Appeal from the Orders of Commonwealth Court dated December 5, 1984, and February 8, 1985, at No. 3107 C.D. 1983, AFfirming the Decision of the Unemployment Compensation Board of Review, Decision No. B-222884, dated October 4, 1983. Pa. Commonwealth Ct. , A.2d (1985) (Unreported Opinion)
John Stember, Pittsburgh, Frank J. Piatek, Neighborhood Legal Services, New Castle, for appellant.
Jerome H. Gerber, Elliot A. Strokoff, Handler, Gerber, Johnston, Strokoff & Cowden, Harrisburg, for Pa. AFL-CIO.
James K. Bradley, Unemployment Compensation Board, Harrisburg, for appellee.
Nix, C.j., and Larsen, Flaherty, McDermott, Hutchinson, Zappala and Papadakos, JJ. Nix, C.j., files a concurring opinion. Hutchinson, J., files a concurring opinion in which Flaherty and Zappala, JJ., join.
Opinion ANNOUNCING THE JUDGMENT OF THE COURT
The facts of this case are as follows: Appellant, Joseph Cugini, was laid off from his position at Mesta Machine Company (Mesta) on July 2, 1982. Shortly thereafter, he filed an application for unemployment compensation benefits, which was granted. In July, 1983, he attempted to open a claim for a second year of benefits. At that time, the local unemployment compensation office ruled that Appellant did not satisfy the financial eligibility criteria. Appellant appealed and a hearing was held before a Referee. The Referee determined that Appellant did not have sufficient wages in his base year*fn1 and ruled, therefore, that he was ineligible. Appellant then appealed to the Unemployment Compensation Board of Review (Board).
The Board found that Appellant received the following quarterly wages in his base year: second quarter, 1982 -- $5,072.00; third quarter, 1982 -- $2,612.00; fourth quarter, 1982 -- $0; and first quarter, 1983 -- $0. Total base year wages were $7,684.00. (Board Decision, Finding of Fact 2).
Section 404(e) of the Unemployment Compensation Law (Law), Act of December 5, 1936, Second Ex. Sess., P.L. (1937) 2897, as amended, 43 P.S. § 804(e), provides that a
claimant whose highest quarterly base year wages amount to $5,063.00 or more can qualify for a weekly benefit rate of $205.00, if his total base year wages amount to at least $8,120.00. Thus, Appellant here fell short of the total base year requirement under Section 404(e).
Section 404(a)(3) of the Law provides that a claimant who has insufficient wages to qualify under Section 404(e) may still qualify for benefits if his base year wages qualify him for any one of the next three benefit rates. Of the next three benefit rates, $202.00 is the lowest, but requires total base year wages of at least $8,000.00. Consequently, Appellant also failed to qualify under Section 404(a)(3).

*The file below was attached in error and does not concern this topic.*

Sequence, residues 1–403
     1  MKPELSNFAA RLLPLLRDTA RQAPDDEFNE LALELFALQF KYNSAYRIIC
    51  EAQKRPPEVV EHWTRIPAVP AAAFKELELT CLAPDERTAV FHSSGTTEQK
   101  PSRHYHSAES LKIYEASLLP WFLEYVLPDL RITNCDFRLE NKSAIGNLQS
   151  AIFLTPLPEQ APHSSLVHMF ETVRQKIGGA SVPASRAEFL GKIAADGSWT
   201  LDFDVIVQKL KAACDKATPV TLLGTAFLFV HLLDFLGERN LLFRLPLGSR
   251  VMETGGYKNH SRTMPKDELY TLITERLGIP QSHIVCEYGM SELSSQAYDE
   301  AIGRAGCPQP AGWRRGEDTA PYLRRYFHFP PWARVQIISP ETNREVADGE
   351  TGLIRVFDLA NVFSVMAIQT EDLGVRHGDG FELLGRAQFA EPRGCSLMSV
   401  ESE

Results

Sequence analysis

While Appellant does not dispute the Board finding as to his earnings in the second and third quarters of 1982, he contends that the Board should have credited him with additional wages for the first quarter of 1983. At the Board hearing, Appellant presented uncontroverted testimony that on December 26, 1982, he applied for eight weeks of severance pay, amounting to $3,652.40 (N.T., p. 3). Under normal employer practice, this amount would have been given to him on January 10, 1983 (N.T., p. 3). Because of a work overload in its accounting department, the employer (Mesta) advised Appellant's union that actual payment would be delayed until February 13, 1983 (N.T., pp. 3-4). However, on February 9, 1983, Mesta filed for bankruptcy (N.T., pp. 3-4). The bankruptcy proceeding further delayed payment, although Appellant eventually received the full amount of the severance pay in August, 1984. (See Stipulation of Counsel and Order of Commonwealth Court dated October 9, 1984).
At the Board hearing, therefore, there was only one controverted issue, that being whether Appellant's severance pay should be treated as wages paid on January 10, 1983, the date the employer was supposed to pay it, or on the date it was actually transferred to Appellant's possession. If the Board had credited this amount to the first quarter of 1983, Appellant's base year earnings would have
exceeded $8,000.00, and he would have been eligible for the unemployment compensation benefits at issue.
The Board concluded that wages must be credited to the quarter in which the date occurs on which such wages are actually paid. Since Section 4(x) of the Act defines "wages" as "remuneration paid," 43 P.S. § 753(x), the Board's decision construes the Act literally, such that a claimant must actually receive possession of the money or payment due before it can be counted in his base year.
Here, the employer acknowledged that the severance pay was due on January 10, 1983. Under these circumstances, Appellant argues that the Board's own regulations require that it be counted in the ...